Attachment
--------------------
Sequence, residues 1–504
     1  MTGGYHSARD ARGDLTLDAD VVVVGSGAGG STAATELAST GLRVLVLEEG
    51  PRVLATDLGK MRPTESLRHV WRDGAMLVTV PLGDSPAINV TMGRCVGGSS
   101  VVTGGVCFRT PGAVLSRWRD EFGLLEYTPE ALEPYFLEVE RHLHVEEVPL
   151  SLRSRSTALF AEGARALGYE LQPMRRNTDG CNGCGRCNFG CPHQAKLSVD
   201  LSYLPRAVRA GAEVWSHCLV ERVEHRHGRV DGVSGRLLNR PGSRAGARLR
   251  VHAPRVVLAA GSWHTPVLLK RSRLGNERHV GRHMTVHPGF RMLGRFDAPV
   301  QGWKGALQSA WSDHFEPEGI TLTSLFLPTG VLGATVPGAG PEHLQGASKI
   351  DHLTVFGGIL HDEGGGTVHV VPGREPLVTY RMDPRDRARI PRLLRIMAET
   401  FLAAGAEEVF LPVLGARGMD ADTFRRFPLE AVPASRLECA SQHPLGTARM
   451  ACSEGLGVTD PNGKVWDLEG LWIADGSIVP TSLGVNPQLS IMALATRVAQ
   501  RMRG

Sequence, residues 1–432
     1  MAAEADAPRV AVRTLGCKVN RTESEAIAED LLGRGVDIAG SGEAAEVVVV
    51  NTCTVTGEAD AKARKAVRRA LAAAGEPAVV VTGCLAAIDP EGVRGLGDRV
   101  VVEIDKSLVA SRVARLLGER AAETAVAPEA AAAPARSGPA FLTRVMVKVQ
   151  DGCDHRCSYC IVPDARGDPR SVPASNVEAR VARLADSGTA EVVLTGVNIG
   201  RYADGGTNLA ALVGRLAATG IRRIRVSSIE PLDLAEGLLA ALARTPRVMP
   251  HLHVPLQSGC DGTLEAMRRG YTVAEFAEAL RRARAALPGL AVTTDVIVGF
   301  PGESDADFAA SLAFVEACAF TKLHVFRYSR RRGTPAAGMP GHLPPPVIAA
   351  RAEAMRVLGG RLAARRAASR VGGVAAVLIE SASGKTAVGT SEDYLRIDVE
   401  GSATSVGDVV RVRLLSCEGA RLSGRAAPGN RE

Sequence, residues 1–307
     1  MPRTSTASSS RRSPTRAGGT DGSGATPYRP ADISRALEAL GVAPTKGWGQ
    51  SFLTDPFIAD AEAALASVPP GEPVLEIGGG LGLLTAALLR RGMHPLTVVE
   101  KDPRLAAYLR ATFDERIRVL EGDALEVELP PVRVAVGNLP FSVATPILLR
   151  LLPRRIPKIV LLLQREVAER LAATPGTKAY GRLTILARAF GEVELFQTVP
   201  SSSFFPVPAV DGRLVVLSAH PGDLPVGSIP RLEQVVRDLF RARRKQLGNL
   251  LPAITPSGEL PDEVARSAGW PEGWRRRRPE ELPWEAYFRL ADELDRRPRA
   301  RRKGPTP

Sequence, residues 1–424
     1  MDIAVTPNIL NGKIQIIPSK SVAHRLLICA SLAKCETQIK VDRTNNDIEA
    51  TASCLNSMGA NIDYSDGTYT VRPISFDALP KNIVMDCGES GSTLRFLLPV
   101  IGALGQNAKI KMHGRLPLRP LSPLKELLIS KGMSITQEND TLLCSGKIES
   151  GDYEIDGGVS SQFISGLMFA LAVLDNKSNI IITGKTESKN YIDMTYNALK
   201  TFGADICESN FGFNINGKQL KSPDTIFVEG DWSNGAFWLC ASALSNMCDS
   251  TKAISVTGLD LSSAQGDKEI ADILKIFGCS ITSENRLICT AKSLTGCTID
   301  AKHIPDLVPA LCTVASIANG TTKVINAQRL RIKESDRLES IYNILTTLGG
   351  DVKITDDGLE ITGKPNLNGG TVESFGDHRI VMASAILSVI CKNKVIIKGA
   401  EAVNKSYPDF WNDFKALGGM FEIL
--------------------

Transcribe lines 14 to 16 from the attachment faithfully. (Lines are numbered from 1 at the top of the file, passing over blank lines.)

     1  MAAEADAPRV AVRTLGCKVN RTESEAIAED LLGRGVDIAG SGEAAEVVVV
    51  NTCTVTGEAD AKARKAVRRA LAAAGEPAVV VTGCLAAIDP EGVRGLGDRV
   101  VVEIDKSLVA SRVARLLGER AAETAVAPEA AAAPARSGPA FLTRVMVKVQ